I keep thinking about this self-indulgent course I want to teach, all European music. My Advanced Analysis seminars usually encompass three pieces from different historical periods, analyzed in depth. And I desperately want to teach one based around the unfinished fugue from Bach's The Art of Fugue; Ferruccio Busoni's Fantasia Contrappuntistica, which is based on that Bach fugue; and Kaikhosru Sorabji's five-hour Opus Clavicembalisticum, which also uses the same fugue theme and is heavily indebted to Busoni. I figure I'd probably attract one … [Read more...]

A Smidgen of Feldman, a Dash of Milhaud

New recording, from the other night, of Sang Plato's Ghost, played by the Ghost Ensemble under the baton of David Bloom. Expert young musicians, they did a fine job. The drums are a little too evident on the recording, imagine them softer. On June 7 I have a performance of The Stream (Admonitions) by the New Music Ensemble of the Australian National University in Canberra. It's the first time, to my knowledge, that anyone has simply plucked a score off my web site and decided to play it - after seventeen years of posting PDF scores … [Read more...]

The Spirit Must Die So the Letter Can Live

A student of mine had a performance with a very professional new-music group, and one in which he participated. He told me about a rehearsal they had which was going really well, in which all the players were locked in and the music was really soaring. One of the instrumentalists abruptly stopped the music, explaining: "We were making a crescendo, and there's no crescendo notated." It's like Miles Davis said: robot shit. … [Read more...]

Louder Sang that Ghost, “What Then?”

My major composerly event of the season is the premiere of my septet Sang Plato's Ghost by the Ghost Ensemble, conducted by David Bloom, this Saturday night (Satie's birthday, propitiously enough). The ensemble was formed by one of my former composition students Ben Richter, who plays the accordion, and I've always wanted to write for accordion. Bloom, another Bard product (if indeed the reverse is not true instead) is conductor of the Contemporaneous Ensemble of skyrocketing reputation. The concert is at the Queens New Music Festival at the … [Read more...]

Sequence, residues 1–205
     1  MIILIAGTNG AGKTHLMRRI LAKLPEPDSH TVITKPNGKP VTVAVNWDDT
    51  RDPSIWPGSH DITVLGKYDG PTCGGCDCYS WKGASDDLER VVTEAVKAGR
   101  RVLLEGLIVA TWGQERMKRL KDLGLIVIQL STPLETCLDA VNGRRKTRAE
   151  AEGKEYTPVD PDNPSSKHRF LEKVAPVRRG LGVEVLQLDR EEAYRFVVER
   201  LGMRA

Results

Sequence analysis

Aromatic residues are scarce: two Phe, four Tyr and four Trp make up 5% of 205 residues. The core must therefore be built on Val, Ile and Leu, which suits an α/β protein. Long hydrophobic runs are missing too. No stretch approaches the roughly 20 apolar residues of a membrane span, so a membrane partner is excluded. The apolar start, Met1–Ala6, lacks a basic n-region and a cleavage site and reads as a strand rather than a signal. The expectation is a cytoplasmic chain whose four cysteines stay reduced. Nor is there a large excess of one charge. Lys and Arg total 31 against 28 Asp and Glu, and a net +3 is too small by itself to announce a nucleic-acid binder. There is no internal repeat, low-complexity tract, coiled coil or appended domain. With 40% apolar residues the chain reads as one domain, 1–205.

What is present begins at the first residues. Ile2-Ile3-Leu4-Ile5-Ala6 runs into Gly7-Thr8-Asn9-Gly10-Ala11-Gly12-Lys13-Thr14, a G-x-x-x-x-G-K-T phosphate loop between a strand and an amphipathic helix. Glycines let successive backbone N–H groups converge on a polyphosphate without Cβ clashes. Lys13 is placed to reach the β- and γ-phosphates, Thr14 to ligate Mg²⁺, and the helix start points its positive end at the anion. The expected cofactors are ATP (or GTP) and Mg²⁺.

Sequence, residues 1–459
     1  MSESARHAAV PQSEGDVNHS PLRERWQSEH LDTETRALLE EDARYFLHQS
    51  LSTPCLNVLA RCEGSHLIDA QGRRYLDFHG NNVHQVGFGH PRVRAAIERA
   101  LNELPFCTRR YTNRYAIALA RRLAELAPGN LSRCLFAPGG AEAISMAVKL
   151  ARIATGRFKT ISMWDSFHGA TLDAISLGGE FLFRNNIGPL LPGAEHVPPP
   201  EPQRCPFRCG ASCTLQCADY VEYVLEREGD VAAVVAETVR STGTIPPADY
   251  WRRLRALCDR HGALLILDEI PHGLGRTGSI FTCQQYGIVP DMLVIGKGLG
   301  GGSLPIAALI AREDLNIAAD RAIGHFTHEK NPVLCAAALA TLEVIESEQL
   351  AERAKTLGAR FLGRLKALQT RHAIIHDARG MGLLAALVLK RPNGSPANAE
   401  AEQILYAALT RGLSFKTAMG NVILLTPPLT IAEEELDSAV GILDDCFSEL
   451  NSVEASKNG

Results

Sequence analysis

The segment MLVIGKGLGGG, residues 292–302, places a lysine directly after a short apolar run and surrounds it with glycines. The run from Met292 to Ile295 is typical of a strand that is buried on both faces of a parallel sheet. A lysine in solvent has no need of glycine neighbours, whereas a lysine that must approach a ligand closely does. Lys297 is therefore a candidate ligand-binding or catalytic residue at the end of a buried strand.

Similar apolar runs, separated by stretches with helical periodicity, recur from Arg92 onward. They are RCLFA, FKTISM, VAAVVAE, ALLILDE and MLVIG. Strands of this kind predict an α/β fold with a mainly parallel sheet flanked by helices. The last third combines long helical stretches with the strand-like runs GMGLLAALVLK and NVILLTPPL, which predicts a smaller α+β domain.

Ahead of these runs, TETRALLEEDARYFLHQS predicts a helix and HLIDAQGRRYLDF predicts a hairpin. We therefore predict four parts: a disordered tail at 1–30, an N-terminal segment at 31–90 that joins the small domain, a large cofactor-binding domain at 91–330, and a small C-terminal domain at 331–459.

Orchestral Music as Paradox

A brilliant composer friend of mine recently had a reading of a piece done by a major orchestra. All the other composers, she said, and the orchestra management, went around talking about how the orchestra desperately needs to come up with new ideas, so they can build up a new audience. Her piece was very percussion driven, centered around a trap-set part that the orchestral percussionists didn't know how to handle, and so the reading was somewhat lacking. The other composers, commiserating, told her that the string section really needs to be … [Read more...]

The Modernist Populist


Even beyond Ives, I'm on a roll lately of research on dead American composers (DACs - I wish there were more public interest in LACs, but they are a needy and competitive bunch, and I've discovered the pleasures of communing musicologically with the serene and undemanding dead). Aside from Robert Palmer and Johanna Beyer (of whom possibly more soon), I've gotten an opportunity to study Marc Blitzstein, whom I've always admired for his politics and for the musico-political miracle of The Cradle Will Rock. For years after I'd read about the piece … [Read more...]